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Transcultural Collaboration: are you Competent?

Transcultural Collaboration: are you Competent?

  • 12 January 2017
  • Posted by Marcella Bremer

We were sitting in a room in a foreign country: 20 executives were waiting for the CEO to arrive. I was present to facilitate the first part of their workshop on culture after they did the OCAI culture survey. People were checking their laptops, smartphones or talking softly to their neighbor. The CEO was ten minutes late.

I checked the time with the HR manager who was my contact at the company. Should we call the CEO to remind him? No, he said, he’ll arrive shortly.

Another ten minutes passed while everyone waited. No one protested, complained, or left. When the CEO arrived after twenty-five minutes, everyone happily greeted him.

The CEO indicated that he was extremely busy and that he’d only have one hour to spend on culture - in spite of our agreement that he’d be actively involved with the culture change.

When he left after one hour people relaxed and after the first break, quite a few left - explaining they too had busy schedules that had changed in the last instant.

Welcome to our world of culture differences and diversity! I had to find a more effective way to engage the top executives of this organization - as my individualistic low-power-distance Western approach of “let’s get together to have an open dialogue about culture” clearly did not work - even though everyone had agreed in advance.

Examples of Cultural Differences

What are your examples of cultural differences? I’ve encountered many interesting learning moments over the years and had to get used to different cultures and behaviors.

Scripted communication in Anglo-Saxon countries: How are you? Fine, thanks, how are you? (Huh? This is an empty phrase? You’re not interested - this is your introduction to doing business?).

Shame to admit that you don’t understand something in Asian countries: Sure, I understand. I’ll do this as you have asked. (Huh? You said you got it and would deliver it in time? Were you lying to me?)

The habit to insist after you have refused something in Arab countries: But can you try just for me? Please, do. We need this. (Huh? I’ve refused two times and explained why and still they can’t stop nagging?)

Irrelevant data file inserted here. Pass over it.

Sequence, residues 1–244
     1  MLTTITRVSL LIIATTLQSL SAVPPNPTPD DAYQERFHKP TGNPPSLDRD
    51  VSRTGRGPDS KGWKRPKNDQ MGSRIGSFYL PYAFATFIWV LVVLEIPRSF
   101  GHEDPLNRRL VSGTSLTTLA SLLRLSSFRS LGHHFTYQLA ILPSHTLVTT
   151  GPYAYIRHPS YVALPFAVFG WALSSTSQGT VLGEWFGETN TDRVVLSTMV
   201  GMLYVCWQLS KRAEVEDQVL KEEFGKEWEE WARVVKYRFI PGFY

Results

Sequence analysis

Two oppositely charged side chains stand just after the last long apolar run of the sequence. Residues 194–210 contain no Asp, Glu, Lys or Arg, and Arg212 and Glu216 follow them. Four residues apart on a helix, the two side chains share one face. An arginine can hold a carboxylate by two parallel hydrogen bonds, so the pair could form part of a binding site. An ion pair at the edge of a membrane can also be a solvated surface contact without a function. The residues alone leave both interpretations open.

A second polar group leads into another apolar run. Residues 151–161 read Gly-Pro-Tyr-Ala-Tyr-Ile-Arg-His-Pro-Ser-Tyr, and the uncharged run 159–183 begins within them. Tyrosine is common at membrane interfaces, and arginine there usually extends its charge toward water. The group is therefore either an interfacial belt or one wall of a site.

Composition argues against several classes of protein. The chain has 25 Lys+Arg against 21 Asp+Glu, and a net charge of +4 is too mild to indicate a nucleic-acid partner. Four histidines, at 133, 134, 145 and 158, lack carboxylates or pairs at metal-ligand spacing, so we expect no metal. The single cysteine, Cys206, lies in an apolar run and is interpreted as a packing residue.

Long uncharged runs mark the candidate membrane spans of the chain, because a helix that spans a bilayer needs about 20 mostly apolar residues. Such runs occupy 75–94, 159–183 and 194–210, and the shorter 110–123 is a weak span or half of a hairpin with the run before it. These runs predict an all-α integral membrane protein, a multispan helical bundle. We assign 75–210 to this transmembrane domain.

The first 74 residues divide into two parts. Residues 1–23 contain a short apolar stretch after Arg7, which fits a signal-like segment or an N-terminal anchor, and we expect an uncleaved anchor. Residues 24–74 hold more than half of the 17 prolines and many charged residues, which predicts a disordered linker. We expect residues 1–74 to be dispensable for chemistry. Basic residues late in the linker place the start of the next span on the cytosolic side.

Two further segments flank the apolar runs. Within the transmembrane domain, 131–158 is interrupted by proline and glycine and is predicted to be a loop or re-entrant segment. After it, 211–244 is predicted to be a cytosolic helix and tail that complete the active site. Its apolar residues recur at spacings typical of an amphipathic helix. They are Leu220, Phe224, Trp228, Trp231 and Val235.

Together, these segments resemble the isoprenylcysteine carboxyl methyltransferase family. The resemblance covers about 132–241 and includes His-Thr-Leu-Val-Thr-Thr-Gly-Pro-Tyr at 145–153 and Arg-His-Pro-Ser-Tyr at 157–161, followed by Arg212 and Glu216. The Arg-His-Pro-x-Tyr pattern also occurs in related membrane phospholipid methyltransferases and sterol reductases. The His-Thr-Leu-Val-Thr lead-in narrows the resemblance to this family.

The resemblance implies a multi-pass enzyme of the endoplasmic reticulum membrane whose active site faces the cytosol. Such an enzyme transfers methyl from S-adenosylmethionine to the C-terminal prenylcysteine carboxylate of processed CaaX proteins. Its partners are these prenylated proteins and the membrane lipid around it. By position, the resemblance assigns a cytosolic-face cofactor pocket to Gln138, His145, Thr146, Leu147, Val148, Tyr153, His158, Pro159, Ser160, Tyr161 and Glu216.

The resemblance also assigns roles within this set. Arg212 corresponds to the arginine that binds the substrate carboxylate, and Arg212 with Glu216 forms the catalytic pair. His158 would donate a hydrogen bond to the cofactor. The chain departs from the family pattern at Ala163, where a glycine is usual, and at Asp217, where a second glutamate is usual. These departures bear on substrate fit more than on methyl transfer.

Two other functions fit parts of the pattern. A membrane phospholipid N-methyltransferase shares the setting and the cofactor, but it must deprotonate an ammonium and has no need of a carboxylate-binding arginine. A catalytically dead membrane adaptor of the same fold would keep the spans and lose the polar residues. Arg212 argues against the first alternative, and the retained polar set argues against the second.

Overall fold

Can you share your examples? I’d love to hear them. By the way, I used to be Dutch. I’m not so Dutch anymore since I started working internationally. I have changed as I adapted to my transcultural clients, co-workers, and suppliers. I now sometimes find Dutch people too blunt and not very elegant :)

Diversity and Differences

Cultural differences are everywhere. It’s not only the difference in subcultures due to professional fields or levels. Most people see the differences between the marketing and the accounting departments, or between the top executives and the workers in the factory.

There’s also the difference between different companies when you do business with both your suppliers and your client organizations. You may have to understand and influence organizations from different industry sectors that affect your organization.

Next, since we live in a globally connected world, you might encounter international differences - whether you’ve hired brilliant immigrant colleagues on your team, or you need to coordinate online with co-workers or freelancers in another country.

It can be even hard to collaborate with your co-worker with the same profession and organizational level, age, and national background. People differ… In collaboration, this is a source of fascination for me (Really? Wow, I never saw it that way, but it’s a great addition) but also frustration (Why can’t they do it my way so we can make the deadline?!). Do you recognize this?

Crucial to Collaborate

As we become more connected in many ways, we have to collaborate with more and more people who are from different cultural backgrounds. It is crucial to improving understanding and collaboration around the world to solve both organizational and worldwide challenges.

That’s why the Institute for Culture and Adaptive Leadership, along with the Professional Development Foundation, have developed and accredited professional certificate and a Masters in Science (MSc) degree in Professional Development: Culturally Adaptive Leadership (CAL) that are both offered online. These programs are accredited by Middlesex University, London, UK. This university is ranked among the top according to the IELTS world university rankings.

The CAL programs involve the understanding and application of transcultural competency, organizational culture, adaptive leadership, and lasting culture change in both local and global communities. Professionals completing the program will be prepared to operate in the diverse and complex global world of organizations and communities.

Classes begin in February, May, and September 2017. Spots are available for the next cohort that begins February 20. The entry requirements are a bachelor degree in a related discipline. Candidates with equal experience and background may also apply. For more information, please go to and email the Dean of the Program, Dr. Kimberley Barker at kbarker (at)

I’m excited to be an affiliate faculty member. If you enroll, I’d be happy to support you through the program. Please mention my name (Marcella) so the faculty can connect us when you start. Let’s prepare for transcultural competence and culturally adaptive leadership. And please share your examples in the comments below.

Copyright © Marcella Bremer 2017. All rights reserved.

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